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dc.contributor.advisorHerlihy, Laura
dc.contributor.advisorZimmerman, Mary
dc.contributor.authorTrapp, Sarah Casement
dc.date.accessioned2011-08-03T00:31:26Z
dc.date.available2011-08-03T00:31:26Z
dc.date.issued2011-04-21
dc.date.submitted2011
dc.identifier.otherhttp://dissertations.umi.com/ku:11391
dc.identifier.urihttp://hdl.handle.net/1808/7905
dc.description.abstractChildren International’s Youth Health Corps Program uses Peer Education techniques to teach impoverished adolescents about Sexual Health and Reproduction. In the Youth Health Corps in Guatemala, both rural indigenous Maya youth and urban mestizo youth in Guatemala participate in the program together. In this comparative analysis of Kaqchikel Maya young women and non–indigenous young women in Guatemala, a written anonymous survey was administered to both groups of female participants to determine what similarities and differences exist in their beliefs and knowledge of sexual health and reproduction and sexuality. Although the groups have very different cultural backgrounds, their responses suggest that they are essentially interested in the same topics such as pregnancy and STD prevention. In addition, both groups of young women receive little information about sex from their parents, yet indigenous women are at a disadvantage to general reproductive knowledge as compared to their mestizo counterparts. The importance of protecting a woman’s virginity and honor is also reflected in both groups’ answers, although indigenous women appear to receive more warning about this than do non–indigenous adolescent women. Research suggests that parents play an extremely important role on how informed each group is on matters of sex and reproduction, as well as the values they hold with regard to the subject.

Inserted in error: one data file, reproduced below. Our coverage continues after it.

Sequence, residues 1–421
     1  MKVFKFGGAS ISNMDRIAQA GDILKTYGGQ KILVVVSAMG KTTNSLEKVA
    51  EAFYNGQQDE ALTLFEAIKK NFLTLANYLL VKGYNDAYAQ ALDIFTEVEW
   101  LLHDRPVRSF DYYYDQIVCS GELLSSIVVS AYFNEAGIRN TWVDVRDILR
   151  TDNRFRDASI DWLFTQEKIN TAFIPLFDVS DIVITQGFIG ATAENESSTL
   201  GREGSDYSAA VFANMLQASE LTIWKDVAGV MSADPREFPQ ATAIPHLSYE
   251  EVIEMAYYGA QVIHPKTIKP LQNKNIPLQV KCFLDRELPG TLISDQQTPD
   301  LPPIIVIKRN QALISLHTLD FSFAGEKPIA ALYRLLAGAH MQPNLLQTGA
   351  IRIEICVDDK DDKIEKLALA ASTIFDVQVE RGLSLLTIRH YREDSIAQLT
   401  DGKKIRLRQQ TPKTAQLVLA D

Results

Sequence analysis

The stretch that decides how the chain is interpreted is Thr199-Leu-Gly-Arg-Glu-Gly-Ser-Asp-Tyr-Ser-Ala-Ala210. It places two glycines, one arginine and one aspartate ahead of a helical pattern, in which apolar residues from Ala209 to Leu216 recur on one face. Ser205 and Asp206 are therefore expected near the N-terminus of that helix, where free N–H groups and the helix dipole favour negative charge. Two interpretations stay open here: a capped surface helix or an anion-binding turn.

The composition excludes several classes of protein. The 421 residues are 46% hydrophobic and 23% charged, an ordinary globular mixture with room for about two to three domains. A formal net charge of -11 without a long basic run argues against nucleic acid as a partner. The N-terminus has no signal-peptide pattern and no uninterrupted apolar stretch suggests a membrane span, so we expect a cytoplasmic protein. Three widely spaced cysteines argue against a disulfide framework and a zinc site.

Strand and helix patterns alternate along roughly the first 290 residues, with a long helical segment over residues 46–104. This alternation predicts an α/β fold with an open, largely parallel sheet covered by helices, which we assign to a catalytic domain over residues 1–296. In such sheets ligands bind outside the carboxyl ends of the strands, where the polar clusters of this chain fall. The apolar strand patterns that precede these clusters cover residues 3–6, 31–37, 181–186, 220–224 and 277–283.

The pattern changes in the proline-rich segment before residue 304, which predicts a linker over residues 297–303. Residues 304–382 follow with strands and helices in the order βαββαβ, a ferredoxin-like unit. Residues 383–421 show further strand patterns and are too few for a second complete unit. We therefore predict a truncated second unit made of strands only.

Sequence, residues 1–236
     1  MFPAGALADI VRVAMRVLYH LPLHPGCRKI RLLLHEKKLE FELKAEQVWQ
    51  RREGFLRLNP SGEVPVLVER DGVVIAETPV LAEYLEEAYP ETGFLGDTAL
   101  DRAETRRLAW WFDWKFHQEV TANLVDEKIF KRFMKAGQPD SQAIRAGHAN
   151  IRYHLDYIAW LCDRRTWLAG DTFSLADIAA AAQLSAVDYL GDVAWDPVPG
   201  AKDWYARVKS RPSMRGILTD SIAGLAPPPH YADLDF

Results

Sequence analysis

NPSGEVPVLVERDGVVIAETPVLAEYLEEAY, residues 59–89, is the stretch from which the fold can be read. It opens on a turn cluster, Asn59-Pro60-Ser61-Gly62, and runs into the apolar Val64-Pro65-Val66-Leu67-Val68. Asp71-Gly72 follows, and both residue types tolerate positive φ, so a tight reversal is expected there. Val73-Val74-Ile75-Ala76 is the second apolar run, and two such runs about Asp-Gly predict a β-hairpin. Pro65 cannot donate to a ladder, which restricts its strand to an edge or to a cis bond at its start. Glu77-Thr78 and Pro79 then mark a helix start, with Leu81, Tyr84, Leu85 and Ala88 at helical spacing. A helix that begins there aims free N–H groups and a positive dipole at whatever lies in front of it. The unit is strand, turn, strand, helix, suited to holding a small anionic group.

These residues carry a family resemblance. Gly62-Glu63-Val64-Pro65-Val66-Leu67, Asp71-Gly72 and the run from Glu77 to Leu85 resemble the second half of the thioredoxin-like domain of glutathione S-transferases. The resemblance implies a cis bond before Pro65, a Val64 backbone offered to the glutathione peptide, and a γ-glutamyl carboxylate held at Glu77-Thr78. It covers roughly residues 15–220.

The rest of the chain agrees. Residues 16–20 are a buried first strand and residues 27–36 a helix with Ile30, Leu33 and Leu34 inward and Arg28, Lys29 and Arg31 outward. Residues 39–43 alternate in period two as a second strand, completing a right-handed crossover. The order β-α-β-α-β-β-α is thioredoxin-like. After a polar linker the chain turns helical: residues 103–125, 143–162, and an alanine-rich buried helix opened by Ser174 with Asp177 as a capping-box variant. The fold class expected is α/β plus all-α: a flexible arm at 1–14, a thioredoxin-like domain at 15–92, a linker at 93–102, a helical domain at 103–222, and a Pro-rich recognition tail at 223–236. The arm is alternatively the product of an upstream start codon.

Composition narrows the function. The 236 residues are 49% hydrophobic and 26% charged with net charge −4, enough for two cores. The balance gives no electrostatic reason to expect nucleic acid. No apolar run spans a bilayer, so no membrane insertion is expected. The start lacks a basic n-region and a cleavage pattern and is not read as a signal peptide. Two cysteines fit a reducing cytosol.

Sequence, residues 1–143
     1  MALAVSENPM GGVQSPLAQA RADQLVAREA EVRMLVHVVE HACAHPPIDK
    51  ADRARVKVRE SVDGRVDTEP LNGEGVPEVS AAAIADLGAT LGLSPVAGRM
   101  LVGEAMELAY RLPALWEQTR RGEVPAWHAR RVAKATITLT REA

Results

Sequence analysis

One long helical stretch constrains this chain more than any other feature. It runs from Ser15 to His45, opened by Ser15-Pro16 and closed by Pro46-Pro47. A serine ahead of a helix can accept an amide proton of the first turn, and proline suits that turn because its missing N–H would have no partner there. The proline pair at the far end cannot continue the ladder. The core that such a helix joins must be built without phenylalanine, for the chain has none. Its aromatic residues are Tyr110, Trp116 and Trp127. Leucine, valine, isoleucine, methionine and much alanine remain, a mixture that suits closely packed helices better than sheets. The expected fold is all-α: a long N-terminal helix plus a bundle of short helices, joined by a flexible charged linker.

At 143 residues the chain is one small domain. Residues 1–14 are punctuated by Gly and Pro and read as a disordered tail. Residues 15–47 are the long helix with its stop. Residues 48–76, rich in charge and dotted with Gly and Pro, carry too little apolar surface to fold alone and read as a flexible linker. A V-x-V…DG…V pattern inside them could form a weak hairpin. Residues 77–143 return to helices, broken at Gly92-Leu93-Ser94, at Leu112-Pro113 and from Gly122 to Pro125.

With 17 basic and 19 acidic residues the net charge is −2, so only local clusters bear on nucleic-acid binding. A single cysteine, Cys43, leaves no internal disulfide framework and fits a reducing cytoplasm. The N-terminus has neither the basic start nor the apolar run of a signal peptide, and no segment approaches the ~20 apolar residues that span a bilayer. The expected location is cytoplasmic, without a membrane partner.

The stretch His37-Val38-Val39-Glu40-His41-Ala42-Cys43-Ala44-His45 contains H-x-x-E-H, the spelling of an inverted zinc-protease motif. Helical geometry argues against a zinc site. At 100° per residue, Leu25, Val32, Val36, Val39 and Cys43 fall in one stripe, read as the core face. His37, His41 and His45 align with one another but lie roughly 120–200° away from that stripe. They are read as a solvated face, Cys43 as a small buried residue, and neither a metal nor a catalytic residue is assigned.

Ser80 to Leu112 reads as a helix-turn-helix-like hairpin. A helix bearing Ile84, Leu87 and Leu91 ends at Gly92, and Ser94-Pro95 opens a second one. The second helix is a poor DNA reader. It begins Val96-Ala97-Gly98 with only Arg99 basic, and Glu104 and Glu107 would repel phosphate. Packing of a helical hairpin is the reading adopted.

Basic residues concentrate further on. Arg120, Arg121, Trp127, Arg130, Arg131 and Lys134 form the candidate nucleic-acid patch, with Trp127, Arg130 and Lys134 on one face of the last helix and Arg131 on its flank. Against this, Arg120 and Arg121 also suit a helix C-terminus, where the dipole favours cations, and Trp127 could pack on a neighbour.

dc.format.extent88 pages
dc.language.isoen
dc.publisherUniversity of Kansas
dc.rightsThis item is protected by copyright and unless otherwise specified the copyright of this thesis/dissertation is held by the author.
dc.subjectLatin American studies
dc.subjectHealth education
dc.subjectWomen's studies
dc.subjectGuatemala
dc.subjectMaya
dc.subjectMestizo
dc.subjectSexual education
dc.subjectYoung women
dc.titleA Comparative Analysis of Mestizo and Indigenous Mayan Young Women in Guatemala: Attitudes and Knowledge of Sexual Reproduction and Health among Members of Children International's Youth Health Corps
dc.typeThesis
dc.contributor.cmtememberWert, Hal
dc.thesis.degreeDisciplineGlobal and International Studies, Center for
dc.thesis.degreeLevelM.A.
kusw.oastatusna
kusw.oapolicyThis item does not meet KU Open Access policy criteria.
dc.rights.accessrightsopenAccess


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